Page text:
“This award for achievement and excellence in their field goes out to…!”
Wouldn’t it be awesome if the world celebrated our personal accomplishments the way we do those of celebrities? Even more, how great would it be if we got demonstrable PROOF of our abilities or expertise?
When you own your own company, you probably don’t get work-based performance reviews. There’s no higher authority or upper management to review what you’re doing and say to you, “hey, good job. You’ve leveled up. Now you can call yourself THIS.”
As your own boss, you are likely undervaluing your experience and expertise, and especially if you identify as a woman according to this Forbes article.
I bet that if you’re being radically honest with yourself, you’re more impressive and more of an expert than you allow yourself to say.
I’ve struggled through deciding when to call myself an expert, because no one has ever crowned me “master of accountability” or “difficult communication skills expert.” But after reviewing my experience, I see that I’ve put in thousands of hours and have beyond sufficient accumulated wisdom on these topics. Wouldn’t it be inaccurate to claim anything less than expertise?
The problem with too much humility is that you’re showing up with an outdated image of yourself — you go around believing you are less than you are.
It is totally possible to be TOO humble.
We have to tell other people who we are in order to be treated appropriately. If we pretend to be less powerful, less experienced, or less wise than we actually are, people respond to us that way. That self-image is reinforced because it’s reflected back to us.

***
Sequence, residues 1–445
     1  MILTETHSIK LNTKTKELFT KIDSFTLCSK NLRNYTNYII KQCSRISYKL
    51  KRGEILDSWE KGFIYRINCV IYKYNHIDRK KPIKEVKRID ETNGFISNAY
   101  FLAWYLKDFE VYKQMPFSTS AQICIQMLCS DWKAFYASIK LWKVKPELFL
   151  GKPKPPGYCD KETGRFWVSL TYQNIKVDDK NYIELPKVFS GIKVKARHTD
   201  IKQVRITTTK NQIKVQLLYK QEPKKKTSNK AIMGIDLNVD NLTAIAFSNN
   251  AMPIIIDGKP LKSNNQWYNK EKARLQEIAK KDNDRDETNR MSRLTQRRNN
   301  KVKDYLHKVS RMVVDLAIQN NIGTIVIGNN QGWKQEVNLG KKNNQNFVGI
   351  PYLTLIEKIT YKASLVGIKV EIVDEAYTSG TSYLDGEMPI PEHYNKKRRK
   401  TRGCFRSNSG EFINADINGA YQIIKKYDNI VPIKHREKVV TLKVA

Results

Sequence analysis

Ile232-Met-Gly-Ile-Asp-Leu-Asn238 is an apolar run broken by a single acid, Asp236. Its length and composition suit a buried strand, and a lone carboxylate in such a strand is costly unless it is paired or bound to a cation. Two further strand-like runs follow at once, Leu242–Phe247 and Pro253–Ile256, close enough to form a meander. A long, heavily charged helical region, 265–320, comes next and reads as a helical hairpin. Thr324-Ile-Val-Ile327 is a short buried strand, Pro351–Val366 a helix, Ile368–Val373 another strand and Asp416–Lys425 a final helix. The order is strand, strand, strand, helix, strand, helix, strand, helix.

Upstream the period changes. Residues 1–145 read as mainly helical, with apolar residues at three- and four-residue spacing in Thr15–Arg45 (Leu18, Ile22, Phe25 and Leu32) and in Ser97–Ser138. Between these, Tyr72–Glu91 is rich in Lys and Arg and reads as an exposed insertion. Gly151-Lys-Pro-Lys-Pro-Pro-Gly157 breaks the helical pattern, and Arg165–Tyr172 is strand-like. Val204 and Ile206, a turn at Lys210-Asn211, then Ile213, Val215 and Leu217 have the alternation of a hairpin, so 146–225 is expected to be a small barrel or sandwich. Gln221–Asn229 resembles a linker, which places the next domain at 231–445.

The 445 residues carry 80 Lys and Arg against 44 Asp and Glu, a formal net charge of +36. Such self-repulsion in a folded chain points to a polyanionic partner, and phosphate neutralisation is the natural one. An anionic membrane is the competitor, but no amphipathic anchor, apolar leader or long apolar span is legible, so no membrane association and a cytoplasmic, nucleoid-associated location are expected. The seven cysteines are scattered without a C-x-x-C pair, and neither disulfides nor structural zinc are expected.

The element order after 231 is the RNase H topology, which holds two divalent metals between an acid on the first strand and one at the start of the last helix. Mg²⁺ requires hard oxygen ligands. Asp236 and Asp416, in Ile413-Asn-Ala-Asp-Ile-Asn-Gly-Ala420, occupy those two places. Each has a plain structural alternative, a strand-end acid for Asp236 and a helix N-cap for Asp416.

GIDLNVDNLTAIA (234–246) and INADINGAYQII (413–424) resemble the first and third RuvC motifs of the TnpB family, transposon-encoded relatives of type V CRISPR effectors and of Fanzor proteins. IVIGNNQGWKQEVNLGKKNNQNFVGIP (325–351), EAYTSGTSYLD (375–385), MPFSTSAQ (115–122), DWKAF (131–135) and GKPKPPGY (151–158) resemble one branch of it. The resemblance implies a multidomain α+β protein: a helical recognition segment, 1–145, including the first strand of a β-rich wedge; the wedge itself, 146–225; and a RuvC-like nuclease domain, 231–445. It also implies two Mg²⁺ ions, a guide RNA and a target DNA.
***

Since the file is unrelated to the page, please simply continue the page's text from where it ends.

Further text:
How do I know if I’m being too humble?
In trying to avoid being seen as a braggart or a narcissist, you are probably downplaying your greatness. And people hire those who exude confidence in their expertise, so that’s got to change.
Tips that will help you be less humble in a healthy way:
Offer when asked; volunteer when the moment arises.
There’s often a good or “right” time to share your achievements. Sometimes, people are asking for a volunteer leader – it could be you. Sometimes a group you’re in is sharing their wins – you can take your turn. Sometimes you’re getting deeper with a friend – they might love learning more about your character. When you keep your eyes open for a good time to share your accomplishments, you’re more likely to have it go smoothly and not feel like bragging.
Practice sharing your accomplishments.
You only get smoother and more confident through practice. Let it be a little messy or clunky at first. You can even say, “I’m practicing at sharing more of what I’ve accomplished and am capable of,” so people will be more forgiving or encouraging.
It’s not a competition.
This isn’t about needing to be the best or the only one. Focus less on trying to top what others have done and instead just celebrate you. When we stop speaking from a competitive mindset, it’s less likely to trigger others to want to story top or show off as well.
Validate yourself inside first.
Sharing accomplishments will go better if people feel that you aren’t trying to take something – like praise or validation – from them. So before you share, give yourself a little love and compassion. Remind yourself that you’re already good enough and that this is just practicing that skill of sharing. Try to be open to whatever response may come so that the pressure is off for everyone.
Ready to level up?
Rachel Alexandria is a former psychotherapist turned Soul Medic and Guide who helps high performers clean up their secret messes. She has written three books on how to apply smart therapeutic techniques to your life so you actually get results. Rachel has been running accountability groups for the last ten years and her favorite line she hears from clients on the regular is “you’re gonna be so proud of me!”